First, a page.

Sometimes you can smell or see mold in your home. Many times you cannot. It may be growing in your home, and could be the reason you feel sick. There are the familiar common mold allergies many struggle with to varying degrees, and then there is mold illness. Mold illness, also known as mold toxicity, is much more serious and is the focus of this article.
Chances are, your regular doctor will not consider mold as a possible source of significant health issues. Conventional medicine doesn’t really believe that mold exposure can cause many health issues beyond common allergies and asthma.
Molds are multiple types of fungi that grow in filaments and reproduce by forming tiny spores that sprout and dissipate in the air. These spores are much too small to be seen by the naked eye. Mold grows in damp, warm, and humid locations, inside and out. Even those living in arid climates such as Arizona and Nevada can have a mold problem if there are water leaks, poorly ventilated bathrooms, or floods.
Mold commonly grows in bathrooms, in the showerhead, and in shower corners, especially if the room is not well ventilated. Leaks behind walls often cause mold to grow, which may go undetected. Mold spores can attach to your shoes, pets, clothes, carpets, papers, books, and furniture. It can circulate in your air system, especially if you do not change your air filters every one to three months. I also recommend having your HVAC duct system professionally cleaned every two to three years.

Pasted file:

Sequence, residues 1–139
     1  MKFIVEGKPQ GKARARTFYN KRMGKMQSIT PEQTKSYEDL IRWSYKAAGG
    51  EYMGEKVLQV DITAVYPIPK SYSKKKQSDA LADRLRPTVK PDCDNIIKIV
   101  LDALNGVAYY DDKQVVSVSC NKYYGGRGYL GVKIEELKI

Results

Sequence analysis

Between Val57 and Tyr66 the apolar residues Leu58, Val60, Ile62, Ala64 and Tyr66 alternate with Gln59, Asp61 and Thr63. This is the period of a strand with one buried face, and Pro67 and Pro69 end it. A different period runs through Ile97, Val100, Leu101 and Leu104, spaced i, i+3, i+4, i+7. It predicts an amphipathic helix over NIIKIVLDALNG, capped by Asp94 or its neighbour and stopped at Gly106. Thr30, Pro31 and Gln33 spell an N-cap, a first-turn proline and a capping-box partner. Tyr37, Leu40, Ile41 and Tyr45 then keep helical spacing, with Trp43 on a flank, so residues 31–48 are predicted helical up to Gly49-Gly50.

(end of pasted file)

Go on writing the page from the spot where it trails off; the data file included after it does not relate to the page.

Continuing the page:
Water-damaged buildings create a complicated mix of mold, resulting in a toxic chemical “stew.” Mold has the ability to produce mycotoxins. These are present on spores and fragments of mold released into the air. No single toxin is responsible for all mold illness.
It is estimated that about half of the buildings in the United States have been water damaged at some point. The most common cause is water intrusion due to plumbing or roof leaks. How many times have you been in a place of business and noticed ceiling tiles stained from water leaks? Given that most of us spend a significant time at home and indoor workspace, there is a good chance you have been exposed to water damage and mold.
When buying a home or commercial property, I recommend having the property inspected for mold through both air sampling and infrared thermography. An infrared thermogram can see through walls to evaluate for any leaks or moisture problems. After all, a property can be “staged” to look good. A closer inspection using these methods is likely to reveal any underlying mold issues. This does not add much cost to a home inspection. This video gives you an example of what is frequently found behind walls during building inspections:
Mold toxicity falls under the category of biotoxin illness. This is also known as Chronic Inflammatory Response Syndrome (CIRS). Ritchie Shoemaker, MD is the author of eight books, including Surviving Mold: Life In The Era of Dangerous Buildings. Here’s how he defines CIRS: “It is an acute and chronic, systemic inflammatory response acquired following exposure to the interior of a water-damaged building with resident toxigenic organisms, including, but not limited to fungi, bacteria, actinomycetes, and mycobacterium as well as inflammagens….”